The fact is many human differences are inborn. They are either genetic or the result of something that happened in the womb. They are intractable. Pretending it isn't so doesn't make it not so. It just gets in the way of doing things that might actually work.

Sunday, March 11, 2007


This sounds interesting. Also see the NYT article.

It reminds me of what I read about twenty years ago or so, AI researchers trying to build huge databases to give computers context of the natural world and the human social sphere. This idea, if it takes off, would harness the information and skills of millions of participants.

Furthermore, Google is trying to build an AI, and I'm sure the Google AI would be just as happy to slurp up the Freebase database as Freebase is to slurp up Wikipedia and other databases.

Folks, we are building God.

Friday, March 09, 2007

If you aren't paranoid, you haven't been paying attention.

One needs to get used to the fact that, unless civilization is crippled, there are going to be huge archives of data collected about everyone. The government is already starting to make it illegal to erase these archives. Growing computational power will make it increasingly simple to search, collate, and analyze these archives. Some examples:

Your cellular telephone company is going to track the location of your phone at all times. This "service" will be sold to the public as useful for 911 calls. It might already be implemented; I haven't kept track of the issue.

Your phone company keeps track of all the numbers being dialed from your phone and calling to your phone.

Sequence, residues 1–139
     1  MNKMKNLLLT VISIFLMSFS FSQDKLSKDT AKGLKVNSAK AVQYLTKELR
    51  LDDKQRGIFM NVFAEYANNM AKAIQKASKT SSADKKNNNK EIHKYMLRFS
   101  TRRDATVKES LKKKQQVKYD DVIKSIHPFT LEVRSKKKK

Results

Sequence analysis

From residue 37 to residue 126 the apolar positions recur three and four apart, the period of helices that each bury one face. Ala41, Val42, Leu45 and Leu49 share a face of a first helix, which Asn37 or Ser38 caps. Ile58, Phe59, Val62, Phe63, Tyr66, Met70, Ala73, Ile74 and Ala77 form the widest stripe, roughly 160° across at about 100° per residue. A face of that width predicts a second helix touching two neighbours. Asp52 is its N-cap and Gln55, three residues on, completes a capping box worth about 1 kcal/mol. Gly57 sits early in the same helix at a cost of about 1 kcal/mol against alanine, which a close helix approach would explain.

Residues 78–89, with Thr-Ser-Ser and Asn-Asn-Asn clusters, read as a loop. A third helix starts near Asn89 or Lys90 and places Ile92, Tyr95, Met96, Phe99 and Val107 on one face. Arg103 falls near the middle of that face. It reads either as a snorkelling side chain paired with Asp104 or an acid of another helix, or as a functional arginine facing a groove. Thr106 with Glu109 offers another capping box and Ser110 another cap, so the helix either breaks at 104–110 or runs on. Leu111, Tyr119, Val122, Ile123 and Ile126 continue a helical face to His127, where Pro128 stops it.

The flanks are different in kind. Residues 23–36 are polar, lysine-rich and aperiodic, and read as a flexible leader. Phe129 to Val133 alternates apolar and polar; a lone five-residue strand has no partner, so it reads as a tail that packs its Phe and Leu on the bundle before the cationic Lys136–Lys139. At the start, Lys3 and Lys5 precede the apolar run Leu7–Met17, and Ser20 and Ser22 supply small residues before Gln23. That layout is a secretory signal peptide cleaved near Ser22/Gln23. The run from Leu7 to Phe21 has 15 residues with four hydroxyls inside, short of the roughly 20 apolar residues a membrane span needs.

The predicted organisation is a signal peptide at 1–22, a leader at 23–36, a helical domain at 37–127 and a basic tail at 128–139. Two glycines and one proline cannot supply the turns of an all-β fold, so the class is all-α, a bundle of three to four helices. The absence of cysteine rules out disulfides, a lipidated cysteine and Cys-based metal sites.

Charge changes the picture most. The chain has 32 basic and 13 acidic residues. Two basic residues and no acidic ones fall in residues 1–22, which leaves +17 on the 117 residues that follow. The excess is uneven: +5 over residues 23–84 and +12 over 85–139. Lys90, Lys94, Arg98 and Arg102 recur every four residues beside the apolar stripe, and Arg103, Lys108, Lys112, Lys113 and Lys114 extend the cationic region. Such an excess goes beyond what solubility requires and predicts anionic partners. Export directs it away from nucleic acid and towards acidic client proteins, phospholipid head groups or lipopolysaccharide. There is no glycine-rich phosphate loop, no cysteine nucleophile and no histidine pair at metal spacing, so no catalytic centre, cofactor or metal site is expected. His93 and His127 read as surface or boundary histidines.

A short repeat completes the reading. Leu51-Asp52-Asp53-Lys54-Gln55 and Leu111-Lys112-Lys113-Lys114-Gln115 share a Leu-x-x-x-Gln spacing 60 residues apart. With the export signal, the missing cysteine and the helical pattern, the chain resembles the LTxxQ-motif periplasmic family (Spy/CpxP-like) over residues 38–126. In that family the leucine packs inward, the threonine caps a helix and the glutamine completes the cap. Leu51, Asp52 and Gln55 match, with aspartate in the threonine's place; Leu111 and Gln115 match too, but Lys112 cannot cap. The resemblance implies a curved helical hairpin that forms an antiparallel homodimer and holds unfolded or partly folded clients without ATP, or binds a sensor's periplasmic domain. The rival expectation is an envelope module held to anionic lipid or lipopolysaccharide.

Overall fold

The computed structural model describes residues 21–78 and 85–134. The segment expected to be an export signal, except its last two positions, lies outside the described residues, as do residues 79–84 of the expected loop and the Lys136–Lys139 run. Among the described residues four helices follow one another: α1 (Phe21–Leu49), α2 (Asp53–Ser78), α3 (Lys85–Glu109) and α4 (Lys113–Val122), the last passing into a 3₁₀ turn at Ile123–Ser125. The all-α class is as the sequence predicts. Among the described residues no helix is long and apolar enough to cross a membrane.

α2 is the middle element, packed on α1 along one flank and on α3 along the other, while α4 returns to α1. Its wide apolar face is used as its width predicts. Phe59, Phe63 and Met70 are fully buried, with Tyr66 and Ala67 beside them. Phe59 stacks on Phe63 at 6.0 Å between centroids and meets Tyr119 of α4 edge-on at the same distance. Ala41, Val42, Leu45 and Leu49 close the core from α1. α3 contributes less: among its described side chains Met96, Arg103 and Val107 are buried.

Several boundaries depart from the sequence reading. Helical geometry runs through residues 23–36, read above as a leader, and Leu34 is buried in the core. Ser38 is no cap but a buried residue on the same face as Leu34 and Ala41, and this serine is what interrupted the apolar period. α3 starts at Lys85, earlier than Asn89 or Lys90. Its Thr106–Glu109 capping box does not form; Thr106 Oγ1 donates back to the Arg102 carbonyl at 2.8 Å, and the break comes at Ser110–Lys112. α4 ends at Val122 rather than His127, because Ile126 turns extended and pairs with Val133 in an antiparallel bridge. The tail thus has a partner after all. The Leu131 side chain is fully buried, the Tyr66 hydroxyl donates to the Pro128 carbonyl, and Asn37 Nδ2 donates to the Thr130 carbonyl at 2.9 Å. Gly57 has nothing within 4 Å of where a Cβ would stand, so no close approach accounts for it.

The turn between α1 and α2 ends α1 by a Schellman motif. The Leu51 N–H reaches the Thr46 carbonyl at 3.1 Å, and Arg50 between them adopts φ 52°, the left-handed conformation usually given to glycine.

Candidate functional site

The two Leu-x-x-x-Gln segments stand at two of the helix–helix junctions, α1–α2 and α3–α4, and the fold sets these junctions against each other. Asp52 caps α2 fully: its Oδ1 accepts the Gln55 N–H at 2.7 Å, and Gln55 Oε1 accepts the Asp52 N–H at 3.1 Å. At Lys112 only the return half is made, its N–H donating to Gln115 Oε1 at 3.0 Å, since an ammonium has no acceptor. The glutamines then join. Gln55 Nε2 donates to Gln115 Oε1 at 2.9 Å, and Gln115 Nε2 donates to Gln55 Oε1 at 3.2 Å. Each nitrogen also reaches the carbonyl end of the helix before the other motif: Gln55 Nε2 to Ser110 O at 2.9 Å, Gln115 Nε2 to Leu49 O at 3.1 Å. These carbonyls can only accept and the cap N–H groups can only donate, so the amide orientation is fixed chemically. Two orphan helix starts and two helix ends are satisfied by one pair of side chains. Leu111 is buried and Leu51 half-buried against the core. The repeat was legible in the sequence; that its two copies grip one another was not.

Your cellular telephone can be used as a bugging device.

Your friends, acquaintances, coworkers, rivals, etc. are going to take your picture and make videos of you with and without your knowledge. These photographs and videos are going to get posted to the Web. As computational resources get better and cheaper, it is going to become increasingly easy to identify you, even if you currently aren't identified. The coeds who get a little crazy during spring break this year might have to answer some tough questions ten years from now when they are trying to make partner at the law firm. (Or not, the mores might change as everyone's skeletons get pulled from the closet.)

If you get mentioned in the local paper or written about in the company newsletter, it is going to available forever. It might not be posted to the Web, but it will be there to be searched if someone subpoenas it. The same will all of your business emails. Remember it is becoming increasingly illegal for businesses to delete anything.

Businesses right now make certain privacy guarantees, but all of them will roll over for the government, and their guarantees aren't necessarily honored if the company is acquired. Sure, Real Doll guaranteed your privacy, but when Sony (or Hustler) buys them out, they made no such promises to you.

Everything you buy with a credit card is part of your permanent record.

Everything you buy while using a store loyalty card is part of your permanent record.

Your ISP will bend over for the government.

If you fly somewhere, it is part of your permanent record.

If you cross the border, it is part of your permanent record.

I repeat, searching, collating, and analyzing your permanent record is getting steadily easier.

Thursday, January 04, 2007

Free Will

My take: Either we have at least partial free will, or we do not. If we do not have free will, our beliefs about free will are determined by fate--that is, either the deterministic playing out of the laws of physics or of quantum chance--and we have no influence over them. (If we had any influence over our beliefs about free will, that implies we have at least partial free will.) Therefore, the only case in which our beliefs about free will can influence our actions is the case in which we have at least partial free will. If we have at least partial free will, choosing to believe that we have free will is a more accurate model of the universe than is choosing to believe that we do not have free will. Therefore, I believe we have free will.

I might, in fact, not have free will, but in that case what I believe is not under my control.